At the root of WR’s folk scene

Elizabeth McFaul

The first weekend in May brought folk music artists to downtown Kitchener for the At the Root festival. Featuring three days of performances and workshops in a variety of locations in Downtown Kitchener, the festival featured a diverse lineup of folk and grassroots music and a focus on audience participation and collaboration. Festival organizer Janice Lee described the performers as “some of the best folk-indie-grassroots activists and artists in WR and beyond” numerous times throughout the weekend. The weekend’s performers represented Kitchener, Waterloo, Toronto and Hamilton.

The festival opened Friday with Johanna Pavia & SoulDrive at Café Pyrus. The band’s unique blend of soul, blues, roots, and psychedelic rock had the crowd at Café Pyrus on their feet. The Waterloo-based band shared a compilation of originals and covers, and it was easy to see why this band has been experiencing significant popularity and notoriety since their formation last year.

Saturday night’s double feature included the monthly Kitchener-Waterloo Poetry Slam & Open Mic and a late night show by Mother Tareka and the Rebel Function. The Open Mic brought new poets, musical groups and an impromptu sing along. Five poets competed in the slam, sharing poems about mental illness, bicycles, immigrating to Canada and other topics. This month’s slam featured Ian Keteku, Toronto poet & musician, and the 2010 World Slam Poetry champion. The crowd adored his impecca- ble comedic timing in an ode to his beloved Vista laptop in “Laptop Love Poem,” but saw a more dark side with “Kay”. Shortly before 11 p.m., Queen Street Commons transformed into a dance party as Mother Tareka and the Rebel Function took to the stage. The Hamilton-based hip-hop funk band shared political and revolutionary messages in an upbeat style, complete with an orchestra including a violin, flute and trumpet. The band’s high-energy performance had everyone on their feet.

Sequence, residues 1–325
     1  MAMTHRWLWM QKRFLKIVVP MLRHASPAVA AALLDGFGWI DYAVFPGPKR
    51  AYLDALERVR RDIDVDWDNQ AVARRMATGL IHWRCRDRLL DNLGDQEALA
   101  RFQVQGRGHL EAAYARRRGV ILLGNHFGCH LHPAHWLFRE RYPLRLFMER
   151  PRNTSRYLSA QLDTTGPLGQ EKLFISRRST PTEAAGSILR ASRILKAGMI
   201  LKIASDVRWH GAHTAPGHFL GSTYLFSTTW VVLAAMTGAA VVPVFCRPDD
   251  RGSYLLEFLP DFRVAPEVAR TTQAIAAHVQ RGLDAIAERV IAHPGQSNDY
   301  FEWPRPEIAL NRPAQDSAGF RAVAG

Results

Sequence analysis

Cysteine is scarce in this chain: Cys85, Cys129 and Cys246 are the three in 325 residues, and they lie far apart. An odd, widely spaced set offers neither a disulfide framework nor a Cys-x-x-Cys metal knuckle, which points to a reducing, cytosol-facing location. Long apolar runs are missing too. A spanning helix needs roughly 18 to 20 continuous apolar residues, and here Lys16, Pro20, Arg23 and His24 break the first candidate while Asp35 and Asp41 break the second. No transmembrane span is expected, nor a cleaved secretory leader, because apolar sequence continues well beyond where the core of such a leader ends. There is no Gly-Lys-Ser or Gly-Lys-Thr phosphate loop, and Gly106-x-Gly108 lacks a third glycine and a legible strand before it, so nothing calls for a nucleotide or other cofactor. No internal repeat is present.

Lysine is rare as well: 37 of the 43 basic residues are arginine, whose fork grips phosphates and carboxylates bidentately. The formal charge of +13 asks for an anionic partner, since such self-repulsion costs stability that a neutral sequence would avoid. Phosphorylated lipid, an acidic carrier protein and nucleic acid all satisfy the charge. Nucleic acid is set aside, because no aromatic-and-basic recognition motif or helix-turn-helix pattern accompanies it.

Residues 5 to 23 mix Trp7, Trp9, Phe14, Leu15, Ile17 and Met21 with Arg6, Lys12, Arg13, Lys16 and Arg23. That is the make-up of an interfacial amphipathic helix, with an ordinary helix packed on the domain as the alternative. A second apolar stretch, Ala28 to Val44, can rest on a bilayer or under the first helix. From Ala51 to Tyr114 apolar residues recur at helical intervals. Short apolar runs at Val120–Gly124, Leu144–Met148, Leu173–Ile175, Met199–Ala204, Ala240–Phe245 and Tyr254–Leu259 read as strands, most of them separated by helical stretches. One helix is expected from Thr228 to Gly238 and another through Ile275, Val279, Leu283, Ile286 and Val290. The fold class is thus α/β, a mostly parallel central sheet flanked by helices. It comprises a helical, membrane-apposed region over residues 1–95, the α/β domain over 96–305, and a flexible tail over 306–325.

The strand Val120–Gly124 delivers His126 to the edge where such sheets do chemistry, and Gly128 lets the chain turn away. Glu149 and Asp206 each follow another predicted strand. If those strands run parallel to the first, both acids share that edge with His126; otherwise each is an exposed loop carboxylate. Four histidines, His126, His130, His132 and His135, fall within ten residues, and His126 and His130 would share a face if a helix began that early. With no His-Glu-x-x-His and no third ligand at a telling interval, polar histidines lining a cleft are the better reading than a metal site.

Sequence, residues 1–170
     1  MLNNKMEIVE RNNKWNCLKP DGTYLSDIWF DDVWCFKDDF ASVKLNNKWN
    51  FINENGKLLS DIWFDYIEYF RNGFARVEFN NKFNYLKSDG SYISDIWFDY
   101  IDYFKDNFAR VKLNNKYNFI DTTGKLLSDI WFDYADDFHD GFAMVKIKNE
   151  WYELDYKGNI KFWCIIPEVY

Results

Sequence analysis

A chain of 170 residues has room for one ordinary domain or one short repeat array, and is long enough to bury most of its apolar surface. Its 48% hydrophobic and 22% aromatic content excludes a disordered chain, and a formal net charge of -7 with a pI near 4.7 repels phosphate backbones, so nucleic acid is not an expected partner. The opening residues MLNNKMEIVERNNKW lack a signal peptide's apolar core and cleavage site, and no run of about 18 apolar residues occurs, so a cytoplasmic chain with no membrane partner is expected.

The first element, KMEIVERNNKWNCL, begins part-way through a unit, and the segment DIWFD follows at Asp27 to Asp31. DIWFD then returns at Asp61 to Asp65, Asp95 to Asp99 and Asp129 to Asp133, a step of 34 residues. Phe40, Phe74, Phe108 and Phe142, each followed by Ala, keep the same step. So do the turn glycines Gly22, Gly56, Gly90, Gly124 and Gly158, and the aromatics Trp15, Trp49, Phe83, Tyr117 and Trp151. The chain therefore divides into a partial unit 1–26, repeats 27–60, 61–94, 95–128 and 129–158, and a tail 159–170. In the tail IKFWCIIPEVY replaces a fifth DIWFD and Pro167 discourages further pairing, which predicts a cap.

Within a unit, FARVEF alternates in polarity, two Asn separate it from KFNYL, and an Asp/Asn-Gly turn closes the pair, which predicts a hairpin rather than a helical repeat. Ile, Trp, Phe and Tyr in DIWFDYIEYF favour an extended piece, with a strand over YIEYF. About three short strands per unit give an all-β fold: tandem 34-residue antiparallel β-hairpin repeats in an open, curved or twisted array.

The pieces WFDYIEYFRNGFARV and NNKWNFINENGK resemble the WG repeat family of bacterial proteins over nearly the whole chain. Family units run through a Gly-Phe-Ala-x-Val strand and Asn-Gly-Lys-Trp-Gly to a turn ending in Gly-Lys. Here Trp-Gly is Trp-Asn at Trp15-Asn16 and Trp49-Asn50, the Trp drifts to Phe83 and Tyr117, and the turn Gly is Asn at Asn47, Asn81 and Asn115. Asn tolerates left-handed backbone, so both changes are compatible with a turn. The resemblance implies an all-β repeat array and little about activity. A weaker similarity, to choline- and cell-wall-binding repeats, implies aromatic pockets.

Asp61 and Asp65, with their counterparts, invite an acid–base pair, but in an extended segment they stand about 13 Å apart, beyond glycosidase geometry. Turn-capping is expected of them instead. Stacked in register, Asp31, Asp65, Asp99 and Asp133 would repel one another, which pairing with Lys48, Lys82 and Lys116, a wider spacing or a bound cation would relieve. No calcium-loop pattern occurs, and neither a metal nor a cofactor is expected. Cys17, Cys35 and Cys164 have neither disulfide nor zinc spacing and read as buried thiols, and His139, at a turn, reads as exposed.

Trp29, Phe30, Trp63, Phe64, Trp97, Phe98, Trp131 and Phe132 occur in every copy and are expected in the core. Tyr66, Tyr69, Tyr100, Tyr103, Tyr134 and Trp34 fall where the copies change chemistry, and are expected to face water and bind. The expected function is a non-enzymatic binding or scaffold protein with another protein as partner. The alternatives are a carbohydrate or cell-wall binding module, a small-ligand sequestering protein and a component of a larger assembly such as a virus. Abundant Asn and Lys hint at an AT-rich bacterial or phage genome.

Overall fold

Sunday afternoon featured a workshop with Ian Keteku and a song-writing workshop with Richard Garvey, Nika Smith and Jesse Maranger.

“We ended up doing [the workshops] together: it was great to hear from people, experience so much amazing poetry, and share a new song with the group”, said Maranger later that evening. The festival closed on Sunday evening with low-key performances by Jesse Maranger and Nika Smith at Cafe Pyrus. These two talented artists graced the crowd with mostly acoustic sets, with soulful music and powerful lyrics. With the mellow atmosphere, it was the perfect conclusion to the weekend.

The At the Root festival is the brainchild of Richard Garvey and Janice Lee, and has been a few years in the making. Overall, the festival was a great way to kickoff the summer in a celebration of local artists and mellow music.